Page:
Louisiana Acadian (Cajuns) Homes The Acadians (French: Acadiens, IPA: [akadjɛ̃]) are the descendants of the seventeenth-century French colonists who settled in Acadia (located in the Canadian Maritime provinces — Nova Scotia, New Brunswick, and Prince Edward Island, Quebec, and in the US state of Maine).
St. John the Baptist Church, Miscouche, PEI The Second Acadian National Convention was held in Miscouche in 1884, and was attended by approximately 5,000 Acadian delegates from across the Maritimes. The Convention saw the adoption of nearly all Acadian national symbols, including the Acadian flag. Because Miscouche hosted this historic convention, it was decided in 1964 that the Acadian Museum of Prince Edward Island be constructed next to the church.
Pascal Poirier (February 15, 1852 – September 25, 1933) was a Canadian author, lawyer, and the all-time longest-serving Senator. Born in Shediac, New Brunswick, he wrote books on Acadian history and language. The Pascal Poirier House (c. 1820–30) was designated a Provincial Historic Site under the Historic Sites Protection Act. The home he was born in has been preserved as a museum and as an important and rare example of early-19th-century Acadian residential construction.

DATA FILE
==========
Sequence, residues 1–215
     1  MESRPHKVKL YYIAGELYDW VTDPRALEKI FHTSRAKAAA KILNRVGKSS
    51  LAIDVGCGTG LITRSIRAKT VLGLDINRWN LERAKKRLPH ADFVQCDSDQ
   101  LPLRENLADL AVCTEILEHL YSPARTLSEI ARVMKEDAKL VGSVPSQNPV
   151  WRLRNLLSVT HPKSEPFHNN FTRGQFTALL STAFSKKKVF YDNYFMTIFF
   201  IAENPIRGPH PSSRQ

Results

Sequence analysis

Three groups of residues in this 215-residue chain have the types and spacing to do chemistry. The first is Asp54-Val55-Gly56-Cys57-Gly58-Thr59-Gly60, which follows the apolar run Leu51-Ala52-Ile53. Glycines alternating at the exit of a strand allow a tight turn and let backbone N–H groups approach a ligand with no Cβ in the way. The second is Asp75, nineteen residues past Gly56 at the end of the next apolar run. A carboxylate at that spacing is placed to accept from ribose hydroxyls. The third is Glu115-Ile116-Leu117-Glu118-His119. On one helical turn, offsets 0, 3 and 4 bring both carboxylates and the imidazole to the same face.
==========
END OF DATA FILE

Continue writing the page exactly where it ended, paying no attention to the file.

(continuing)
Fall in New Brunswick, Canada / L’automne au Nouveau-Brunswick, Canada | Flickr - Photo Sharing!
L'Acadie Acadia was made up of the present Atlantic provinces of Canada : New Brunswick, Nova Scotia, Prince Edward Island (then known as Île St. Jean), parts of Newfoundland, and parts of Maine. Unfortunately, this peaceful beginning was followed by 150 years of struggle between the French and English for control of the continent. Except for some short periods of British occupation, Acadia remained French up to 1713. The inlet of Port Royal is shown in an exaggerated .